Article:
The system came into force from April 2006 and replaced the old housing fitness standard. It applies across all residential premises, including homeowners and landlords, including social landlords. HHSRS assessments can be applied to any dwelling whether occupied or vacant.
The key principle of the system is that any residential premises should provide a safe and healthy environment for any potential occupier or visitor.
The HHSRS is a system to assess the likely risk of harm that could occur from any deficiency associated with a dwelling.
A risk assessment inspection is carried out to consider the likelihood of an incident occurring as a result of the condition of the property and the likely harmful outcome if an incident did occur.
The assessment will show the presence of any serious hazards (category 1) and other less serious hazards (category 2). Dwellings which contain one or more category 1 hazards under the HHSRS are deemed to fail the current minimum standard for housing and are therefore non decent (see below).
There are 29 hazards considered under the HHSRS, including damp and mould growth, excess cold, crowding and space and fire.
The Council has a range of enforcement options that can be taken depending on the seriousness of the hazard(s) found. With the most serious hazards the council has a duty to take action but where a hazard is less serious it has discretion whether to take action or not. The council will usually attempt to remedy a hazard through informal means, but if that approach is unsuccessful, the enforcement options include serving an Improvement Notice, making a Prohibition Order, emergency remedial action, serving a Hazard Awareness Notice, making a Demolition Order or declaring a Clearance Area.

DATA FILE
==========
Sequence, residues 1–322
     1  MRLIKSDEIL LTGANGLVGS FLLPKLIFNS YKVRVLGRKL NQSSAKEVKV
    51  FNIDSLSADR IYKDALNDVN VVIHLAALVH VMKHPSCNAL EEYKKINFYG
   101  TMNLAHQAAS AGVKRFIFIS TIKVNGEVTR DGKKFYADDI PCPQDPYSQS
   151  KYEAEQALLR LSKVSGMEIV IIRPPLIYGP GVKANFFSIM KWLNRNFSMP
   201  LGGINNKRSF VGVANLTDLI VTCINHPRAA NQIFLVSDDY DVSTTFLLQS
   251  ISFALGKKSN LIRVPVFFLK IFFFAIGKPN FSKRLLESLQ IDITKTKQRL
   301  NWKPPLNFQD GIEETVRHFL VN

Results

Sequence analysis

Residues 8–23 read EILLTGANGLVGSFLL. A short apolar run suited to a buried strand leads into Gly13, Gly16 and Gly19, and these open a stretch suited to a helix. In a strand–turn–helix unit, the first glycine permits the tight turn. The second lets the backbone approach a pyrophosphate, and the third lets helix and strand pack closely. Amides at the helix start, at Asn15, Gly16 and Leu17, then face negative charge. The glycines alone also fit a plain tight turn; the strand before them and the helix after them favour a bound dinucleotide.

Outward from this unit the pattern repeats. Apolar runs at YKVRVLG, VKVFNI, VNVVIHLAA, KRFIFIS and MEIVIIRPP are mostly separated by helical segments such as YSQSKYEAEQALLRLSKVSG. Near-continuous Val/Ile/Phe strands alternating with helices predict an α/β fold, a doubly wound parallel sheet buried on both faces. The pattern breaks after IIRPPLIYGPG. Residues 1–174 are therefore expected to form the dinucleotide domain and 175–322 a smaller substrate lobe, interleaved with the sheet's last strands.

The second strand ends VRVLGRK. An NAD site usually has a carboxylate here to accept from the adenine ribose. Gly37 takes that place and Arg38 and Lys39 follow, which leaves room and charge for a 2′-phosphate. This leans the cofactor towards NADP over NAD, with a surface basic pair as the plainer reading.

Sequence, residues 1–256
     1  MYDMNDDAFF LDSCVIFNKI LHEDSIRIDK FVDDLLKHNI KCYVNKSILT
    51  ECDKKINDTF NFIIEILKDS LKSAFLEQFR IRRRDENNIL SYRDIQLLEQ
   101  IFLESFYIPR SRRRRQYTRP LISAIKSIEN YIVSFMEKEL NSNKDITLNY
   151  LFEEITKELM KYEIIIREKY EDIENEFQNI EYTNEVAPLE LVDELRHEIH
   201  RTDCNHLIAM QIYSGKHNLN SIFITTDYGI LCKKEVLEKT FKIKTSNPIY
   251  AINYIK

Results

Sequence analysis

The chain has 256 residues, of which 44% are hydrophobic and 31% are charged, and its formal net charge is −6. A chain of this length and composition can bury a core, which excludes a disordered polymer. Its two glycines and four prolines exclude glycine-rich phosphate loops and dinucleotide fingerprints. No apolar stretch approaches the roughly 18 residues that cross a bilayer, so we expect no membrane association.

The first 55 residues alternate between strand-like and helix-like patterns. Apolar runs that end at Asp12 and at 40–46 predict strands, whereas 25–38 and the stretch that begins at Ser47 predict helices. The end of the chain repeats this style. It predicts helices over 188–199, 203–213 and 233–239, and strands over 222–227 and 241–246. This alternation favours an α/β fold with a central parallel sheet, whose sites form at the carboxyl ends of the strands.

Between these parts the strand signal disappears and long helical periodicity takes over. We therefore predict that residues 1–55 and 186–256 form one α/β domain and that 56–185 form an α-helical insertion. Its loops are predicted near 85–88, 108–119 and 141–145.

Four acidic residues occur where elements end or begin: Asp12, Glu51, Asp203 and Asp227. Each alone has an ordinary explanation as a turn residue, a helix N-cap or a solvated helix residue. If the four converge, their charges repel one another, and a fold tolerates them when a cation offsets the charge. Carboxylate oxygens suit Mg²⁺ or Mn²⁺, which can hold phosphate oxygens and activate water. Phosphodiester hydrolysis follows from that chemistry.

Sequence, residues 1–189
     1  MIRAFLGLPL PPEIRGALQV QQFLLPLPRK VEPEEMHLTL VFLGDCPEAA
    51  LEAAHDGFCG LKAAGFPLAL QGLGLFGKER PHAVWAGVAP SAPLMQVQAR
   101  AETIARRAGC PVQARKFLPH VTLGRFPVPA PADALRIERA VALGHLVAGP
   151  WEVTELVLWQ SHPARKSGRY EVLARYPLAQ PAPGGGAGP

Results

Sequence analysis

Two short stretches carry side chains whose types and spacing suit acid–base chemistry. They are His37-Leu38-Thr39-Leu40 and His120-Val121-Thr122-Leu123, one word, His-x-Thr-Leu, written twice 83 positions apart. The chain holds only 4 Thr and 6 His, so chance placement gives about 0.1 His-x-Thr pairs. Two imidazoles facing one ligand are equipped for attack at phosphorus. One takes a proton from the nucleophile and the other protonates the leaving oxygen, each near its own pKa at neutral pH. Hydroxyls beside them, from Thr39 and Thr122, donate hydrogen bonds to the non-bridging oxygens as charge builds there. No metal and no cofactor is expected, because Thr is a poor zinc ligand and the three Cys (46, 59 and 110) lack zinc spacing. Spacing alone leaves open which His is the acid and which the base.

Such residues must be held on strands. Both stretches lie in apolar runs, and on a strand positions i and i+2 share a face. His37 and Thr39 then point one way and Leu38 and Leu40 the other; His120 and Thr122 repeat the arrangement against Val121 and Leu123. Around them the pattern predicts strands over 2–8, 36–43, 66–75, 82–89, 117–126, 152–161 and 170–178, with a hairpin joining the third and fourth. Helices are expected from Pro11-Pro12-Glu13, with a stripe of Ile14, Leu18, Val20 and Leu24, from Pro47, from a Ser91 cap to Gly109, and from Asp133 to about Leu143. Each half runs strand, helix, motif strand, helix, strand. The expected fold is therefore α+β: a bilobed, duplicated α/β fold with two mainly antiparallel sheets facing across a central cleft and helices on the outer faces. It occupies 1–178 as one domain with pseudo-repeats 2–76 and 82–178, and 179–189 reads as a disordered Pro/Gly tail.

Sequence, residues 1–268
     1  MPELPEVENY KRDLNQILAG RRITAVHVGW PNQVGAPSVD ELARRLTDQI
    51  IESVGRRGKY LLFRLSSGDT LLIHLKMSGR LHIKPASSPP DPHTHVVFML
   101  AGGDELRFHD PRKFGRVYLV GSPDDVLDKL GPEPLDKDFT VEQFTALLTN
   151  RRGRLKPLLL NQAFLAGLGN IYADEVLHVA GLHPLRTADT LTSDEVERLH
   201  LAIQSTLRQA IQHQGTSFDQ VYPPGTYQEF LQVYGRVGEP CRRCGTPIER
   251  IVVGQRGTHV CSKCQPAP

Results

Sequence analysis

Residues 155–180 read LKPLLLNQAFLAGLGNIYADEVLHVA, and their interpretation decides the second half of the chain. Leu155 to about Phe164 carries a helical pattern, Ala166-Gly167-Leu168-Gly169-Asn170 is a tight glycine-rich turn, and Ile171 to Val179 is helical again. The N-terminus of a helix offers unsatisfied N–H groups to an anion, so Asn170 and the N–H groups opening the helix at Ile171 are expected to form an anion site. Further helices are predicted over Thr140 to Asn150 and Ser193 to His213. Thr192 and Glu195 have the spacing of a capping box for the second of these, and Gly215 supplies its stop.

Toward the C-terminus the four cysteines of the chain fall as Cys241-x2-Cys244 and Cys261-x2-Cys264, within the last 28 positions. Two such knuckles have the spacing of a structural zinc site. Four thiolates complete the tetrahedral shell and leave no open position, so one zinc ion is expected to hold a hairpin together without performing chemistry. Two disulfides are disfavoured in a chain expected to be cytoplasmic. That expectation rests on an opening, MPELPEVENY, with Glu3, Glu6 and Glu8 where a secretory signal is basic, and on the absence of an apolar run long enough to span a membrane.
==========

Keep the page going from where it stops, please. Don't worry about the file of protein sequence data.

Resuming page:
For more information on the HHSRS download the Information Leaflet. A useful booklet, "Housing Health and Safety Rating System - Guidance for Landlords and Property related Professionals" is available on the Communities & Local Government website. For both see under Downloads/Links.
What is the Decent Homes Standard?
A decent home is one which is wind and weather tight, warm and has reasonably modern facilities (bathrooms and kitchens). The Government believes that everyone should have the opportunity to live in a decent home and has set targets for increasing the number of vulnerable households living in decent homes.
A decent home meets the following criteria:
- It meets the current minimum standard for housing. Dwellings which fail to meet this are those containing one or more category 1 hazards under the HHSRS.
- It is in a reasonable state of repair
- It has reasonably modern facilities and services
- It provides a reasonable degree of thermal comfort
The decent homes standard is not an enforcement standard and local authorities do not have powers to require owners to comply.
However, the council will have regard to this standard when giving advice to property owners.